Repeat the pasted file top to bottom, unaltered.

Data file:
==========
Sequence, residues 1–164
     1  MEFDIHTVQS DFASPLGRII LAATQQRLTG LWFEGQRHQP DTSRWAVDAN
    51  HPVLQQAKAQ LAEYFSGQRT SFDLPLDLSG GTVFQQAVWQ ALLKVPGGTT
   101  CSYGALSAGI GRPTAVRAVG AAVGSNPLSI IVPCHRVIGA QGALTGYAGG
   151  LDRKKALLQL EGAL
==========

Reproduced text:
Sequence, residues 1–164
     1  MEFDIHTVQS DFASPLGRII LAATQQRLTG LWFEGQRHQP DTSRWAVDAN
    51  HPVLQQAKAQ LAEYFSGQRT SFDLPLDLSG GTVFQQAVWQ ALLKVPGGTT
   101  CSYGALSAGI GRPTAVRAVG AAVGSNPLSI IVPCHRVIGA QGALTGYAGG
   151  LDRKKALLQL EGAL